If you're like most people, you probably can't remember the last time you had a good night's sleep. So many things can interrupt healthy sleep: sick children; a stressful day at work; concerns about aging parents, finances and day-to-day issues. Throw in the uncertainties and routine shake-ups from a pandemic, and sleep may feel like just a dream.
“Everyone is anxious, they’re stressed and what we may not have realized until now is that our whole structure to our day is focused around society,” Meredith Cousin, a Franciscan Health neurologist who focuses on sleep medicine, recently told FOX 59 news. “Having set wake time, bed time, lunch time, breaks at lunch, during work. We’re all essentially off our routine schedules.”
Resetting Your Daily Routine During The Pandemic
“The key is to just really trying to stick to your routine schedule as much as you can,” Dr. Cousin said. “Sticking to a routine is the best we can do.”
- Have a set wake time
- Make sure get 15-20 minute breaks during your day like you do at work or school
- Get early daylight exposure to reset circadian rhythms. Sunlight helps regulate your daily sleeping patterns.
- Go to bed at a set time
Sleep Help Beyond Schedules
Have a schedule in place but still sleepless? Check out these tips for a better night's sleep:
- Limit or eliminate caffeine in your diet.
- Add relaxing activies as part of your bedtime routine.
- Limit or don't drink alcohol in the evening because alcohol can interfere with deep sleep and with breathing. Also, when the effects of your drink wear off in the middle of the night, you tend to wake up.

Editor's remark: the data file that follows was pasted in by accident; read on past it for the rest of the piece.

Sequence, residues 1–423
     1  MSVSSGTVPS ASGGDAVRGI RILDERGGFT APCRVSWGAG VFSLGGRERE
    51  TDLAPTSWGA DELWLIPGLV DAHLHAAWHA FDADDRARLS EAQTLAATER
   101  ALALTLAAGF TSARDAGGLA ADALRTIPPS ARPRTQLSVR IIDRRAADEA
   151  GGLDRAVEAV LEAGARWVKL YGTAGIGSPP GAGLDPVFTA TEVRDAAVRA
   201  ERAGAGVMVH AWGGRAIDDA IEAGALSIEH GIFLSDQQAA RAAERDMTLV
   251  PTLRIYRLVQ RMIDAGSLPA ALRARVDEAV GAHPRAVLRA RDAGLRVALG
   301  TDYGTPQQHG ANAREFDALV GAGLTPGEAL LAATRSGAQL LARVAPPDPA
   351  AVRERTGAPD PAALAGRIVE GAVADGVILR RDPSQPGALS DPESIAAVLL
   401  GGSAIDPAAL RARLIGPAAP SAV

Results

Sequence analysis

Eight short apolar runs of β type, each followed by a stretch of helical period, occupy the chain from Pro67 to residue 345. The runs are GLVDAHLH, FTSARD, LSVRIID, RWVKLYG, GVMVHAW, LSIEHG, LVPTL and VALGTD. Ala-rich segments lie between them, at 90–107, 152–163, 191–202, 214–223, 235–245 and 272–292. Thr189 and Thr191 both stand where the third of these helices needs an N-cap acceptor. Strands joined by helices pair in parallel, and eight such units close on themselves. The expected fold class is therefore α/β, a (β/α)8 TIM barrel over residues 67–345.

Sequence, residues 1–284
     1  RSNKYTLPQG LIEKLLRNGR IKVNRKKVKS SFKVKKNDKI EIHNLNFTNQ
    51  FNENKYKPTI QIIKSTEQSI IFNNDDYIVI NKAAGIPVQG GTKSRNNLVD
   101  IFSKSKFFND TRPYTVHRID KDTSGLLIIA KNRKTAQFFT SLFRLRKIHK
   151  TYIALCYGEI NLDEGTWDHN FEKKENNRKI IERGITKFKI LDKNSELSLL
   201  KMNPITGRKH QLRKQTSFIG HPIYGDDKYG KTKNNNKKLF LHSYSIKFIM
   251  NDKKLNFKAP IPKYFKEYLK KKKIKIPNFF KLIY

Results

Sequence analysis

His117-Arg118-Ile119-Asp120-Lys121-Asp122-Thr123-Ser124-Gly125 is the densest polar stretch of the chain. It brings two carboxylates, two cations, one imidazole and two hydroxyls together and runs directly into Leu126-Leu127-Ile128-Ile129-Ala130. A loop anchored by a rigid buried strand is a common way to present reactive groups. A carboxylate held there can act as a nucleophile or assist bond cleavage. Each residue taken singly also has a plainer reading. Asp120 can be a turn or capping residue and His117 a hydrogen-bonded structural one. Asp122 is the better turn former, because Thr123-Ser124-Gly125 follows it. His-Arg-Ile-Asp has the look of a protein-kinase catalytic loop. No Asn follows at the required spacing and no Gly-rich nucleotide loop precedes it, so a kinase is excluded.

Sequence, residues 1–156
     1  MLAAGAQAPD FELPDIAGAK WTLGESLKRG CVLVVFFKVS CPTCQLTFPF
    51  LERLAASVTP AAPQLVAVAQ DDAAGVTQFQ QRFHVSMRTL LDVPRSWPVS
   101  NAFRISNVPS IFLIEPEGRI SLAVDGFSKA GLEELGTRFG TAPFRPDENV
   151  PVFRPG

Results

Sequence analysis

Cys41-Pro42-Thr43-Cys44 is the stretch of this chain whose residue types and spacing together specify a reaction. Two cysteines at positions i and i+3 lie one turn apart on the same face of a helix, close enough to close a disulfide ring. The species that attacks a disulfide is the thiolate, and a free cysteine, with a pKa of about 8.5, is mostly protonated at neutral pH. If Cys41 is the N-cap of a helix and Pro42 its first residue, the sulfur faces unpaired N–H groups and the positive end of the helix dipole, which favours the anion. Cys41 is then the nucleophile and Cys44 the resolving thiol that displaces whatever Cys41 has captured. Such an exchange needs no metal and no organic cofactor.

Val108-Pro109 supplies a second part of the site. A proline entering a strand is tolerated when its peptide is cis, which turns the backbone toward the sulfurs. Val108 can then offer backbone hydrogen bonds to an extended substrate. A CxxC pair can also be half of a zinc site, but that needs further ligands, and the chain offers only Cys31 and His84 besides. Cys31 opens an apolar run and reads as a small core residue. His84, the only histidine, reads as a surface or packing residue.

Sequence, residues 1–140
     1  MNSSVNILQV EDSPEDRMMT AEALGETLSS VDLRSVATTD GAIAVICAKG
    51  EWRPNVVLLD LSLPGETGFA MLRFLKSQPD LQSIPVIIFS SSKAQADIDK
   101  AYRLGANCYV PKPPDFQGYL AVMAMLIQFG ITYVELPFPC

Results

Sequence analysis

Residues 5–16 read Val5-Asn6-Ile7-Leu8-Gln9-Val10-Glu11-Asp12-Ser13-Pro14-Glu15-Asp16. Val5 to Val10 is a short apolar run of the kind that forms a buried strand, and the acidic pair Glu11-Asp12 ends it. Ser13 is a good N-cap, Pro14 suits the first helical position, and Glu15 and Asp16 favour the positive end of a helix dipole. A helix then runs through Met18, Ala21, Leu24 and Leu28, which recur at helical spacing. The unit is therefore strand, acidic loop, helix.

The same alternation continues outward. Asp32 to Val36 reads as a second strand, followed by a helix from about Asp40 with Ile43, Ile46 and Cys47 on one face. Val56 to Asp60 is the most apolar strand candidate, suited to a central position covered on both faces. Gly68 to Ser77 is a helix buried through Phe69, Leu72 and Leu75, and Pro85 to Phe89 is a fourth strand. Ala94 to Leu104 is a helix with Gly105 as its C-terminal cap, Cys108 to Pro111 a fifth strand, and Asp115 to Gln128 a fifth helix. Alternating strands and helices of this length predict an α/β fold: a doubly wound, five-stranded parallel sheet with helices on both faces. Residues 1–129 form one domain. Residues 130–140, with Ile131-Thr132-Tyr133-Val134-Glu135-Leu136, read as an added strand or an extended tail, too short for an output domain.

- Exercise regularly but not right before bedtime.
- Keep your room cooler at night.
- Don't use digital screens or watch television for at least one hour before you sleep.
- Create a comfortable sleeping environment in your bedroom.
View a printable version of the infographic.
Benefits Of Routine Sleep
But it's amazing what a good night's sleep can do. During sleep, the body produces hormones that:
- Help children grow
- Help children and adults build muscle mass, fight infections and repair cells
- Positively affect how your body uses energy
"Because many adults don’t get the recommended eight hours, simply getting more sleep can improve health," said Crystal Hines-Mays, MD, a family physician at Franciscan Physician Network Homewood Health Center. "Sleep is restorative, improves the immune system and helps to remove toxins in the brain."
Not getting enough sleep compromises your health and is associated with several chronic diseases and conditions, including:
Lack of sleep also interferes with concentration, energy and memories and affects performance. It's also been linked to risk-taking behavior. Some medical issues, called sleep disorders, can be the problem. And for women approaching menopause, hot flashes and hormonal changes can lead to insomnia and increased sleep apnea, too.
Sleep Needs Each Night
So how much sleep is enough? Sleep needs vary from person to person but these recommended guidelines are a good place to start:
- Sleep needed by infants from 0 to 1 years of age range from 12 to 17 hours per day.
- Between the ages of 1 and 5, the amount of necessary sleep ranges between 11 and 14 hours per day.
- After age 5, the amount of sleep needed for optimal health ranges from 8 to 11 hours each day until age 18.
- After age 18, needed sleep is approximately 7 to 9 hours per night
- After age 18, sleep needs don't decline any further as older adults over age 65 still need 7 to 8 hours of sleep per night.
These healthy sleep tips are important for the entire family. If you or a family member has persistent trouble falling asleep or staying asleep, talk to your healthcare provider.
Sleep Recharges You
Get the facts. Sleep plays a key role in maintaining overall health. Request an appointment with one of our Sleep Centers.
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